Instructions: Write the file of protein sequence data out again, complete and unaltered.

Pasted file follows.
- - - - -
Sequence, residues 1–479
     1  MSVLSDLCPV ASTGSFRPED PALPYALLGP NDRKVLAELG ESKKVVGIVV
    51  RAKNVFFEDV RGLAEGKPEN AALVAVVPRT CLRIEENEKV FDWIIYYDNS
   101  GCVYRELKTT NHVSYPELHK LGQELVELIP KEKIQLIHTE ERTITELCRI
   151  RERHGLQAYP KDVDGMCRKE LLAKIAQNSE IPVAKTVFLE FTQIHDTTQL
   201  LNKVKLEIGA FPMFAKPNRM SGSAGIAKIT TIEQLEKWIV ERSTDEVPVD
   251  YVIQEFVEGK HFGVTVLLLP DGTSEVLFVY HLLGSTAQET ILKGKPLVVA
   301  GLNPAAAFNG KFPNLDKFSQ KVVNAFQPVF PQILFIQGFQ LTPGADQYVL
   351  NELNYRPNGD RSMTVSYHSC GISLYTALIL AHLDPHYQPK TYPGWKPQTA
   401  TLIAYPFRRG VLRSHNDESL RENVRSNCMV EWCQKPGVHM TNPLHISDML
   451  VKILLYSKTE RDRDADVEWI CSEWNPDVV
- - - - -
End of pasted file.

Sequence, residues 1–479
     1  MSVLSDLCPV ASTGSFRPED PALPYALLGP NDRKVLAELG ESKKVVGIVV
    51  RAKNVFFEDV RGLAEGKPEN AALVAVVPRT CLRIEENEKV FDWIIYYDNS
   101  GCVYRELKTT NHVSYPELHK LGQELVELIP KEKIQLIHTE ERTITELCRI
   151  RERHGLQAYP KDVDGMCRKE LLAKIAQNSE IPVAKTVFLE FTQIHDTTQL
   201  LNKVKLEIGA FPMFAKPNRM SGSAGIAKIT TIEQLEKWIV ERSTDEVPVD
   251  YVIQEFVEGK HFGVTVLLLP DGTSEVLFVY HLLGSTAQET ILKGKPLVVA
   301  GLNPAAAFNG KFPNLDKFSQ KVVNAFQPVF PQILFIQGFQ LTPGADQYVL
   351  NELNYRPNGD RSMTVSYHSC GISLYTALIL AHLDPHYQPK TYPGWKPQTA
   401  TLIAYPFRRG VLRSHNDESL RENVRSNCMV EWCQKPGVHM TNPLHISDML
   451  VKILLYSKTE RDRDADVEWI CSEWNPDVV